If you're an avid reader of popular level books on neurology or psychology, many of the topics may be familiar. There's a discussion of Phineas Gage, an attempt to define consciousness, a look into the new efforts to map the human brain, etc. And this background information is where the book shines. For example, Kaku's description of the CIA's mind control research is pretty interesting, as are his explanations of the current problems in AI research.

The rest of the book, however, reads a lot like articles from Popular Science. Kaku comes across as too optimistic about the future of these research areas, with more focus on what's possible rather than what's likely to happen. One assumes that this book will have to be updated a lot over the next five to ten years, as areas of research change, get delayed, or stall out entirely. And while it's fun to imagine the distant future where people might be able to beam their consciousness to surrogate bodies halfway across the galaxy via wormholes (an actual topic this book covers), I'd rather learn about the technologies which are right around the corner.
15 von 16 Kunden fanden die folgende Rezension hilfreich
5.0 von 5 Sternen what will the future hold? 13. Januar 2014
Von J. Weber - Veröffentlicht auf Amazon.com
Format:Gebundene Ausgabe|Vine Kundenrezension eines kostenfreien Produkts (Was ist das?)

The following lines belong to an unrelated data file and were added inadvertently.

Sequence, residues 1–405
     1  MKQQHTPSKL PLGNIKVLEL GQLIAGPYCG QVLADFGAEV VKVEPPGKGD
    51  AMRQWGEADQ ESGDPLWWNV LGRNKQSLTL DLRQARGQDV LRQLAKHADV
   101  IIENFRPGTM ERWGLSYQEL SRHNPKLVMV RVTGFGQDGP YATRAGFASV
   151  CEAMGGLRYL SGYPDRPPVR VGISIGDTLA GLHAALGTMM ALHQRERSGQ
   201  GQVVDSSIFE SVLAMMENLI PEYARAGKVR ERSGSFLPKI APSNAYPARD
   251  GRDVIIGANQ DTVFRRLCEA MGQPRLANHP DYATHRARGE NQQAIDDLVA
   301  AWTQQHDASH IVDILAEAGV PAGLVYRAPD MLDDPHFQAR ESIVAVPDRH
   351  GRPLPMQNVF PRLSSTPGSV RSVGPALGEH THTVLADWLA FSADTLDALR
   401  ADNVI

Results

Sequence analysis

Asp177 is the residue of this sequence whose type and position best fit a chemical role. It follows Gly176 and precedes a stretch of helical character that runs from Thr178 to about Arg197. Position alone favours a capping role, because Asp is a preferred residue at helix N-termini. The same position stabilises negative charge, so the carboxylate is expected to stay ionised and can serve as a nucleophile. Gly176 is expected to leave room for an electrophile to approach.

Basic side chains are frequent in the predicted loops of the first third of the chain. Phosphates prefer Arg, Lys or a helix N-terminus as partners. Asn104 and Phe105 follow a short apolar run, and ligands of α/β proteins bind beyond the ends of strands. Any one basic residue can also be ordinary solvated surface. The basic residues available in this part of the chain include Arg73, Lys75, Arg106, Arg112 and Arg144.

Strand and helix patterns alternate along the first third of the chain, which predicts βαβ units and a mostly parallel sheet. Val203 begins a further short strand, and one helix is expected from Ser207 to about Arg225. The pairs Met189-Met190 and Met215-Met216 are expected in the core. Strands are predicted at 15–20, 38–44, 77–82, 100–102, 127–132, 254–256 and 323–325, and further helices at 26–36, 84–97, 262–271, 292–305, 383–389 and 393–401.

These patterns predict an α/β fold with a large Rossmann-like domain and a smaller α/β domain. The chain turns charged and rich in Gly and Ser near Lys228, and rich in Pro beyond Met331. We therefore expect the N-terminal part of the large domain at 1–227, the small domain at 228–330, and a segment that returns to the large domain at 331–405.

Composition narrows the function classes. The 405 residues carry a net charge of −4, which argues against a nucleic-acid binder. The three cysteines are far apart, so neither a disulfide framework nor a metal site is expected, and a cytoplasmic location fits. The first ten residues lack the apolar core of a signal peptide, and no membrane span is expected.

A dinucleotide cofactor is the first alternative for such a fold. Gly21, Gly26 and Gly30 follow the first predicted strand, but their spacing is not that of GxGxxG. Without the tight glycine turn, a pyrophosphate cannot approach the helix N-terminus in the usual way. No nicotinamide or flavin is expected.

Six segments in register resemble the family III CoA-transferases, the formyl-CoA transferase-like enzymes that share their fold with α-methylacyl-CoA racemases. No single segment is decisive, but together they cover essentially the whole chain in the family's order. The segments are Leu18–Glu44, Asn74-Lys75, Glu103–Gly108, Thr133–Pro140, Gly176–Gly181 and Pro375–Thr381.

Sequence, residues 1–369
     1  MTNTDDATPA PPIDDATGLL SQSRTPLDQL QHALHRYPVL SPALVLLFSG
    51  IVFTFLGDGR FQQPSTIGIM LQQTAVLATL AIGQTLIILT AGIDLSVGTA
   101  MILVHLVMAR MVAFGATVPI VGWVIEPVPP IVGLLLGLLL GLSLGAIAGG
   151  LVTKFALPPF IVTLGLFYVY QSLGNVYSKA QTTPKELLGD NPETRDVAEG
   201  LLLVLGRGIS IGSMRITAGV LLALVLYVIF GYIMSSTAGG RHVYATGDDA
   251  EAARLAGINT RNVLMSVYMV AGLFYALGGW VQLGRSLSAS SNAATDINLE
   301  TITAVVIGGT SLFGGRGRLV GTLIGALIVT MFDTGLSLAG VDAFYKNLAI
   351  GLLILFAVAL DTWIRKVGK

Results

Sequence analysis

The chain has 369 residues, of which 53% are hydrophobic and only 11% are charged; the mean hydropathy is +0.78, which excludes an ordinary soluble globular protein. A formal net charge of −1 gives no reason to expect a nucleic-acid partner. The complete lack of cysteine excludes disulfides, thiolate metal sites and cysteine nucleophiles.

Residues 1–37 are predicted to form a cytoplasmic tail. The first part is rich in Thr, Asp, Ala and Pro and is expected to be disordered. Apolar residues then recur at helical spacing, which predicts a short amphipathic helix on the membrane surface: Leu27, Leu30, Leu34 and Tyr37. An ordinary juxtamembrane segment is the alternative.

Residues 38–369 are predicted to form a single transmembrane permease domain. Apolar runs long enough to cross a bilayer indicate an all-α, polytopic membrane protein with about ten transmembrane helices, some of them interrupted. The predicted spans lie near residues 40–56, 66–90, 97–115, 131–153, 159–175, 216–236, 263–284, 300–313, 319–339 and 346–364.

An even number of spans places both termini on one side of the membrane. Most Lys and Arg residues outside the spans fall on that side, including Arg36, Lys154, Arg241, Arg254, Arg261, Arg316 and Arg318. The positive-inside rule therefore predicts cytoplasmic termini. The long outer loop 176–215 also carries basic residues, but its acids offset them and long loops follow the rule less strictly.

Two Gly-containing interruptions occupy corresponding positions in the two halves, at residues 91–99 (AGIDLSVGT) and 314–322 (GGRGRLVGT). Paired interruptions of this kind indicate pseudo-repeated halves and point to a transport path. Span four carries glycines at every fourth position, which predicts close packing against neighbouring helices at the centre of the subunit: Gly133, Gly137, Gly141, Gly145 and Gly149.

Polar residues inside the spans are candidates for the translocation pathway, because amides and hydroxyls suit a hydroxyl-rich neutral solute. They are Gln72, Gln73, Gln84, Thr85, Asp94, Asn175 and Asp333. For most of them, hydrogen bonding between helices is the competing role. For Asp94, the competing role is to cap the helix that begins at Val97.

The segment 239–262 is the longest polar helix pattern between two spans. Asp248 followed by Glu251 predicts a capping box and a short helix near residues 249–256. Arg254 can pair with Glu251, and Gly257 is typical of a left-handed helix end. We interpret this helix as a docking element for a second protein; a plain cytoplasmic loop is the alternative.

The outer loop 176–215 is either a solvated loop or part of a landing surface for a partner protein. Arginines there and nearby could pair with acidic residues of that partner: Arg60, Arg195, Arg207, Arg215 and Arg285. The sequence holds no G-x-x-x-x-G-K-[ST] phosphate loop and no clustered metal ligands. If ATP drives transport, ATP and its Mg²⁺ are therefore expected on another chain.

Whoa! What a book to read if you want a glimpse of where science is taking us in the future! This highly interesting read does a great job of explaining current and future possiblities of tracking, improving and studying the human brain. From current research of creating prosthetics which can be controlled from thought to 'helmet' scanners which can read your thoughts to portable body scanners like "Doc" from Star Trek used - the future possibilities are amazing. There is so much work being done in creating ways to actually read one's mind - which would be of enormous benefit for some people stricken with disease...to implants in the brain to stimulate thought, movement, recovery from stroke or traumatic brain injury. The book lightly touches on the downside of such technology - could police use some of these devices which are currently in development to read your mind? could the government? What are the ethical implications of this technology? How could it be controlled once it's on the open market? The author did a great job of presenting the information in an easy to read, understandable format - I almost read the book in one sitting the concepts were so interesting. The book touches on the amount of research being done by private companies as well as DARPA, and it left me feeling that futuristic science fiction movie plots aren't really that far away from becomming a reality.